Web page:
Lode ore deposits are generally high-grade, thin veins that are found near faults. They are primarily made up of quartz veins. Lode ore deposits are usually found in basalt or in sediments, although when found in the faults, they may be found in igneous rocks such as granite.

 

Bedded replacement ore deposits result when rising hydrothermal (hot) fluids from a cooling magma body come into contact with favorable carbonate rocks, such as limestone or dolomite. These fluids are generally rich in dissolved metals (gold, silver, lead, copper, or iron) and move upward along breaks or faults in the Earth’s crust. Chemical reactions between the fluids and the carbonate rock cause the metals to be brought out of solution, which replace the mineral composition of the original rock.


Vein or fissure ore deposits
have clearly defined, abrupt margins and are roughly tabular in shape. They are considered the  product of deposition from fluids in open fractures or fissures. These deposits also contain crystallized pockets of the vein minerals.


Skarn ore deposits
form when cooling magma deep under the surface contacts limestone. The heat of the magma and fluids from the magma cause recrystallization of the limestone and the formation of new minerals such as garnet, diopside, and wollastonite. Later, metal-bearing fluids from the intrusion deposit gold and other ore minerals, such as copper and iron.

Above Ore Deposit information relating to the Images and the images themselves are courtesy of the Utah Department of Natural Resources / Utah Geological Survey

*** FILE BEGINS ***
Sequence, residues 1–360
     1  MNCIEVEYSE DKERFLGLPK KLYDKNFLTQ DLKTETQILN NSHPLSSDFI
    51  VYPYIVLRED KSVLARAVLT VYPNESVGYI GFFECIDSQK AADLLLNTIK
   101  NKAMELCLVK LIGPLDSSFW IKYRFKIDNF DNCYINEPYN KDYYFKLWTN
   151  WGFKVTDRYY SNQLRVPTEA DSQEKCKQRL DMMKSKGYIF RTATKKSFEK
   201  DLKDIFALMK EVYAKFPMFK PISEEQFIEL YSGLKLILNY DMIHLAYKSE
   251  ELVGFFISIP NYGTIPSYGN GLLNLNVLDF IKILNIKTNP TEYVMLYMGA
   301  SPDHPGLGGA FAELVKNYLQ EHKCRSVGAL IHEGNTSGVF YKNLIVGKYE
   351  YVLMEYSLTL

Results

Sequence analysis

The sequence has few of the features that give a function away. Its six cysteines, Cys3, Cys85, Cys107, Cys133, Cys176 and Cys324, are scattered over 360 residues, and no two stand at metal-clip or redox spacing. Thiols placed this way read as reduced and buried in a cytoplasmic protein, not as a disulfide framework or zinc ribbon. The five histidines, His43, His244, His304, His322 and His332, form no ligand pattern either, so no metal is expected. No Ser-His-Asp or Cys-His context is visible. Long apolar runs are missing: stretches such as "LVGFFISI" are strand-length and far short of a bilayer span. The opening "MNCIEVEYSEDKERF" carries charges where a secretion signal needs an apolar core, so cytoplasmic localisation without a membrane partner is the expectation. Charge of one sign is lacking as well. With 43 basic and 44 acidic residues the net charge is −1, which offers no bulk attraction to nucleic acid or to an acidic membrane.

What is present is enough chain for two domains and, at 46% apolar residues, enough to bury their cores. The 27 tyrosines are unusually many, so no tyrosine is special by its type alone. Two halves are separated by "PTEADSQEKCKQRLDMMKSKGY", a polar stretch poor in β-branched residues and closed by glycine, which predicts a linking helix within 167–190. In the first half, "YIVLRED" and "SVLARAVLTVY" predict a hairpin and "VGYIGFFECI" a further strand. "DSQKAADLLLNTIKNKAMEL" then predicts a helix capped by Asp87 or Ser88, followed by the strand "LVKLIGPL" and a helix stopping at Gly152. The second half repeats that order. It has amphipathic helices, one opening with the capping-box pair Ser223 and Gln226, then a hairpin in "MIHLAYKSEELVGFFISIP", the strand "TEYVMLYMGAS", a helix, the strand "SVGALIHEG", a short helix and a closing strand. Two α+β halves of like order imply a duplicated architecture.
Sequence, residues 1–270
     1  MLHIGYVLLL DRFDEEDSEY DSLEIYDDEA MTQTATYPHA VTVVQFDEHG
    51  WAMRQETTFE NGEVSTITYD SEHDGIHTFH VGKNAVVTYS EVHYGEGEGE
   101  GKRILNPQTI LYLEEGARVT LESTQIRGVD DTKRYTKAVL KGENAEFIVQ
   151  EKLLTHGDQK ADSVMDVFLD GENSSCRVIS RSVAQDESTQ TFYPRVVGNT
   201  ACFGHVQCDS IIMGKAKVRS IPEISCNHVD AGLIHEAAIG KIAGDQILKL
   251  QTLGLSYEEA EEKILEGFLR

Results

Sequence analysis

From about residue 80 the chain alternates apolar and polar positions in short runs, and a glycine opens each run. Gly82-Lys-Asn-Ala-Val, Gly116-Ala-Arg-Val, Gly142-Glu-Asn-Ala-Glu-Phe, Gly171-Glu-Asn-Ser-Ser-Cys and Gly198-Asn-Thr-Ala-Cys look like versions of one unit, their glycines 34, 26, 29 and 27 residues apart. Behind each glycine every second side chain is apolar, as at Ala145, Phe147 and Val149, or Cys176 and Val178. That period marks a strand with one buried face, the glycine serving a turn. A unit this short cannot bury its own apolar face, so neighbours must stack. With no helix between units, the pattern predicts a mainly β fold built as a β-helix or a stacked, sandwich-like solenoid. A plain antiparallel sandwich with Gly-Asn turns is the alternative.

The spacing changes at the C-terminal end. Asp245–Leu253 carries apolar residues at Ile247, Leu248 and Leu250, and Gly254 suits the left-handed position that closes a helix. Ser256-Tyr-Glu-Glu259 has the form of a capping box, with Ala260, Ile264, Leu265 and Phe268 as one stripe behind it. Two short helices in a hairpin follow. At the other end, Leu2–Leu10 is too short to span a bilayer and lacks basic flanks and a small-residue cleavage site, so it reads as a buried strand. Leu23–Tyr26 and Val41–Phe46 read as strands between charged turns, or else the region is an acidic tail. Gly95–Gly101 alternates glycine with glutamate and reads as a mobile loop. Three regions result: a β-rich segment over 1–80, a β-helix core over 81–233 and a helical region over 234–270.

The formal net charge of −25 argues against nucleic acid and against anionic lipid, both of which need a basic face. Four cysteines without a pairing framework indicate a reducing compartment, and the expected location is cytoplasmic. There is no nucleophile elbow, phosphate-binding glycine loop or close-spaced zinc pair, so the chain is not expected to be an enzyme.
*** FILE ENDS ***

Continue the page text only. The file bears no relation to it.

Magmatic processes where magma seeps up through cracks in the Earth’s crust, separates and cools. The magma sulfides, which are heavier, don’t mix well with the silicate-rich magma and so they separate and sink to the bottom as they harden and cool. These heavy sulfides contain gold and other heavy metals.

Hydrothermal processes during this process water is heated deep in the Earth’s crust and moves upward through faults caring gold and other precious minerals with it and then depositing the gold and other precious metals in concentrations when the water cools too much to keep the gold in a solution. Sulfur plays a key role in transporting the gold to the deposit.

Metamorphic processes Ore deposits that form this way. Quartz, sulfides, gold and other metals that form ore deposits on fault lines under pressure are loosened up and pushed into areas where there is less pressure, such as fault lines. Metamorphic rock is a good indication of gold.

In all of the above examples gold is deposited into the ore veins as a result of the movement of the Earth’s tectonic plates.

Where to find Gold in the Western U.S.

Much of the gold found in the United States is found in the West.

It seems that each of the Western States have had several gold rushes. Start looking at the district history of each state and find out which mining districts were the biggest producers. Larger mining companies will often revisit old districts looking for gold that has been left. Timberline Resources claimed almost the entire Seven Troughs district in Nevada, and near 29 Palms, California the whole Dale mining district had been claimed and was to be sold for 6 million. Barrick Gold Mining Company makes billions of dollars each year mining gold. The gold is far from being gone, it does take some work to find it though.

Click here to see samples of what gold ore looks like.